Musings on Baptism

Well, I guess this is an "-ing" as per the subtitle of my blog.  Not a rant, or a rave, though.  More a collection of thoughts.

First a bit about me – I was baptised as a baby in the anglican church, and later confirmed.  I’m now a member at a baptist church, which (thankfully) has an open membership – i.e. I can become a member because of my infant baptism and confirmation.  I could also have become a member by profession of faith, which I would gladly have made.  Had the church had a closed membership (only those baptised as adults by total immersion, and possibly only by total immersion in that particular church, could become members) then there would have been a different story.  I don’t know what the story would have been, though!

So my position is an interesting one: raised in one tradition and currently worshipping in another.  Unsurprisingly, I think that there are pros and cons to both infant and adult baptism.  Hence the ramblings below.

I think the first criticism that is usually levelled at infant baptism is that it is all to do with original sin, and specifically saving infants from their original sin should they die in infancy.  I don’t personally hold to the doctrine of original sin, or to Calvin’s doctrine of total depravity, so this in my mind is a valid criticism if the only reason to have a baby baptised is to save it from original sin.  Baptism should be about so much more than washing away of original sins (if, indeed, they exist).  I like Dave Tomlinson’s view of it in his model of a church without borders.  Essentially, his view is that baptism is a wonderful gift that can be given to all, regardless of what stage you’re at in your journey with Christ.  What greater gift to give than the gift of baptism as you are welcomed in to the church.

Another criticism raised against infant baptism followed by confirmation is that these things are simply rites of passage made without any true commitment to Christ.  I think that this view denies any sacramental aspect of baptism (which some people do).  By sacrament I don’t mean that baptism is a necessity for salvation, although what is a necessity for salvation and what "salvation" is are good questions.  (I hadn’t realised this post would raise quite so many questions when I started!)  What I mean by sacramental is that baptism is more than a mere symbol (Zwingli), just as the elements at the eucharist are more than mere symbols.  So, whilst a baby cannot make any meaningful commitment, his/her parents and godparents do.  The Holy Spirit acting through the child, parents, godparents etc (whether they are professing christians or not) is what is important here.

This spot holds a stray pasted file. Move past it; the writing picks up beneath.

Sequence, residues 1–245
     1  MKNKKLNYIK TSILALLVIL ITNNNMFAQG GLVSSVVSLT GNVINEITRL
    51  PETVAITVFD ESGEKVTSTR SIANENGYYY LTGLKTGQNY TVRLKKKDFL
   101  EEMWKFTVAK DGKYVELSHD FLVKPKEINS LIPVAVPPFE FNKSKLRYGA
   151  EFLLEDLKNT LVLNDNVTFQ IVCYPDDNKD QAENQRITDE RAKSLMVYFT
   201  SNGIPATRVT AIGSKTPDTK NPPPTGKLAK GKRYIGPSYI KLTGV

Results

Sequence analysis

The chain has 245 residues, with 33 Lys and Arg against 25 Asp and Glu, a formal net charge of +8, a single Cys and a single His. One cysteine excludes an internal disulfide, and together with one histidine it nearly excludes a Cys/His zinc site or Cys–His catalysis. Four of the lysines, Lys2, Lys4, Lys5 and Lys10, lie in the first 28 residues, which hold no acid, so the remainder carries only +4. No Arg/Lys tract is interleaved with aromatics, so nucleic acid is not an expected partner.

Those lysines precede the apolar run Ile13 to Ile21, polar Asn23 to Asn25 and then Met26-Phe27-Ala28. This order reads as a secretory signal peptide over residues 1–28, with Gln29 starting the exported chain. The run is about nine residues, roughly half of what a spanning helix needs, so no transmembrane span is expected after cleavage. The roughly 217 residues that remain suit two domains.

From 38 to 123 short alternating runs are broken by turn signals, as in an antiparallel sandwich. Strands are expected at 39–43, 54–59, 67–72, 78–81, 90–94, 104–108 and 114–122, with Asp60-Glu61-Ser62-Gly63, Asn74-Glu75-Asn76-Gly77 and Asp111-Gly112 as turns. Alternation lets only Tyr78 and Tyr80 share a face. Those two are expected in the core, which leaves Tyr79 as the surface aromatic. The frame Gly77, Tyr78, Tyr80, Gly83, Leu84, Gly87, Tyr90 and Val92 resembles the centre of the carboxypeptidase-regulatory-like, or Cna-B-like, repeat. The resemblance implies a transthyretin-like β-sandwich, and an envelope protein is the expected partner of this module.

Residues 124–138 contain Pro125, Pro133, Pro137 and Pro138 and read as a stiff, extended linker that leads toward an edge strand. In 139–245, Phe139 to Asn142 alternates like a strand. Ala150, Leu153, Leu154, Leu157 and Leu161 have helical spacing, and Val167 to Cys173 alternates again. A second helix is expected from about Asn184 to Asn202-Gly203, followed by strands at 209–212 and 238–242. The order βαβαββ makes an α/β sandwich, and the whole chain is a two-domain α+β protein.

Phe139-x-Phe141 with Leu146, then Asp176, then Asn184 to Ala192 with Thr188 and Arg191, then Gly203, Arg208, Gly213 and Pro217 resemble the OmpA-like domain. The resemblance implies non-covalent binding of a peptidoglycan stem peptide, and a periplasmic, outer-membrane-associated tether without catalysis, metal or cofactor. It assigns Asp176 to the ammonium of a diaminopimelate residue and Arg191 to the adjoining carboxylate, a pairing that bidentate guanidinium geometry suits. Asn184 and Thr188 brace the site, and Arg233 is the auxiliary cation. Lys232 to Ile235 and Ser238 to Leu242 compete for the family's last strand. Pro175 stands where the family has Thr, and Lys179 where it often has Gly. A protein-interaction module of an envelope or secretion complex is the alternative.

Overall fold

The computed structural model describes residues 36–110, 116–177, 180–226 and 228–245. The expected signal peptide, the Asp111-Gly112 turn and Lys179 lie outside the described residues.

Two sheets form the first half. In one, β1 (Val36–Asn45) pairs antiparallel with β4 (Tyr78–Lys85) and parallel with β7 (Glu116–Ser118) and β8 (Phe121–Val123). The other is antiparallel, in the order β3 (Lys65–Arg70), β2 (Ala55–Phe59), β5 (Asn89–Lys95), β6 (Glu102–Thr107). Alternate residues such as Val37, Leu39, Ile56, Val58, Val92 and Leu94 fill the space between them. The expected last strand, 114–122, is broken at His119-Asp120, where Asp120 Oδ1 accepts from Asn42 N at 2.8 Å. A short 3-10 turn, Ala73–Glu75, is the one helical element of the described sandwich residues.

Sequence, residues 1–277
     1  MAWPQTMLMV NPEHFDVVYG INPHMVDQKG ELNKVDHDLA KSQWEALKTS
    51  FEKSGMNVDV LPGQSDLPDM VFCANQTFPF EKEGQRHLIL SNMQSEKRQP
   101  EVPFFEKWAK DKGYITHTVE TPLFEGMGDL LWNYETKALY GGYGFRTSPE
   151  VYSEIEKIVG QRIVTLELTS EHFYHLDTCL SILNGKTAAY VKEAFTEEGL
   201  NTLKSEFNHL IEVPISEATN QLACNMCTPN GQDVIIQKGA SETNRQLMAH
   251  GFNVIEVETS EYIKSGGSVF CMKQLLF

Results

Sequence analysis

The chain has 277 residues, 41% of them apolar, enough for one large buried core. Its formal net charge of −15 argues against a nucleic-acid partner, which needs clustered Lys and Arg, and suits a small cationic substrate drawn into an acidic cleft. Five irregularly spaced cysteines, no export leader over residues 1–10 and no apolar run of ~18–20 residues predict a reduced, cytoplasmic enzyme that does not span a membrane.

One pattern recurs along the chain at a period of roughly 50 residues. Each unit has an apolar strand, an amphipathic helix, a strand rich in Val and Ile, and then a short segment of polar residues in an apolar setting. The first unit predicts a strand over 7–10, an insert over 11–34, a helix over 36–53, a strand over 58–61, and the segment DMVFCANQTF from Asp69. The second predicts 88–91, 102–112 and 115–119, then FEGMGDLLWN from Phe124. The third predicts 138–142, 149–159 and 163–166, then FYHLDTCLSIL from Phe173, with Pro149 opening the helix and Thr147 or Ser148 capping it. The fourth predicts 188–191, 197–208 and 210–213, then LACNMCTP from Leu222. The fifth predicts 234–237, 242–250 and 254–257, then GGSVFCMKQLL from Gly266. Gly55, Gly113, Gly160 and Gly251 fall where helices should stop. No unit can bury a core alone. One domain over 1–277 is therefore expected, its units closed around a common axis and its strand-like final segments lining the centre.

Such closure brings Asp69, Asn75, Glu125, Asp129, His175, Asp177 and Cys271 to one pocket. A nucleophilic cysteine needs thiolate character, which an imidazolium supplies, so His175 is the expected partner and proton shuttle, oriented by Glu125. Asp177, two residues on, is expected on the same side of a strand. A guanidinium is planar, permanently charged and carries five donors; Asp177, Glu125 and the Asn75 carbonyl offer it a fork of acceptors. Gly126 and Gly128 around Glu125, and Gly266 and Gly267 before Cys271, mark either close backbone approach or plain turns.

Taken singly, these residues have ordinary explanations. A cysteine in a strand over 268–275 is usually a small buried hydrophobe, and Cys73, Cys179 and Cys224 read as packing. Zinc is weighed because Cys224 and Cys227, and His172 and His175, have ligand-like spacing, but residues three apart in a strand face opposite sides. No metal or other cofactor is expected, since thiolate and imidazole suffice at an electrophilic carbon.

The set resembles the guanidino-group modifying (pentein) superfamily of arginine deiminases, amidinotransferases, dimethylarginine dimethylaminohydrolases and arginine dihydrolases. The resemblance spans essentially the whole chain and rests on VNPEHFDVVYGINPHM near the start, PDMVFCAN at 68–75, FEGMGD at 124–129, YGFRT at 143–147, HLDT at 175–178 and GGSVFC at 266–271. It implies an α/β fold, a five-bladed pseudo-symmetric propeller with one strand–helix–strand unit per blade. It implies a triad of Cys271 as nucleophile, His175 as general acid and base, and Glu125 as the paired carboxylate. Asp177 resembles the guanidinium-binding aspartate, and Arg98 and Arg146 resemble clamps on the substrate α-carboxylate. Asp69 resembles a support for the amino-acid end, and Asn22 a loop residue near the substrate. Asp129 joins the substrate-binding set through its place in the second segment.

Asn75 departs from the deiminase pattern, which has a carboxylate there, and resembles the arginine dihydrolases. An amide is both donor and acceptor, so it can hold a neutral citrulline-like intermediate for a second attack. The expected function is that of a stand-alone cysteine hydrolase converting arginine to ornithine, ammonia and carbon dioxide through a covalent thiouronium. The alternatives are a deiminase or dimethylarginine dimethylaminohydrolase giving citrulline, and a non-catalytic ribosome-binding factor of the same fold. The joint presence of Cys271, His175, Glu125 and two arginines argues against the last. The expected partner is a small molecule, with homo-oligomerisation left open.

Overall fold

The same goes for confirmation.  I believe that even if the candidates or their family simply view confirmation as a rite of passage, then the Holy Spirit can act through them in surprising ways.  Perhaps that is why there is an emphasis on adequate preparation for confirmation – this is all part of the process of the Spirit working within you as you prepare to make the vows and affirmations at confirmation.  Just as an aside, I think we can assume from the biblical accounts of baptism that candidates were not extensively prepared for their baptisms.  In Acts chapter 2 we simply see that the three thousand people who accepted Peter’s preaching were baptised there and then, with no confirmation or baptismal classes: no preparation, we presume, apart from one sermon!

Just so you don’t think I’m simply an apologist for infant baptism, I do think there are arguments in favour of believers’ baptism as well.  I think separating the "initiation rite" of the christian church into two, baptism and confirmation, is a bit clunky and inelegant.  Why two rites, not one?  We are not in the habit of saying in the creed "we acknowledge one baptism and confirmation at a later date for the forgiveness of sins"!  Confirmation is undoubtedly a later addition to the rite of baptism.

I also think that for those who positively identify one moment in time with "becoming a christian", then believers’ baptism is much more appropriate.  I personally don’t really associate any particular moment with becoming a christian: I have been becoming a christian since I was born, I am still becoming a christian every day and shall I go on becoming a christian until the day I die.  The "becoming" is more important than the "become".  So when would have been the most appropriate time for me to have been baptised as a believer?  Pass!

I do think the picture that emerges from the gospels and the book of acts is that the initial converts to christianity were baptised as believers.  However, we are not told what, if anything, happened to the children of those baptised; probably not surprising in a world where children were seen as sub-human.  There is, of course, the story in Acts chapter 16 of the jailer and all his family/household being baptised.  Who, we are left wondering, were his family or household?

So, have I come to any conclusions on this?  Not really is the answer…  I am still left feeling that both systems have pros and cons.

2 thoughts on “Musings on Baptism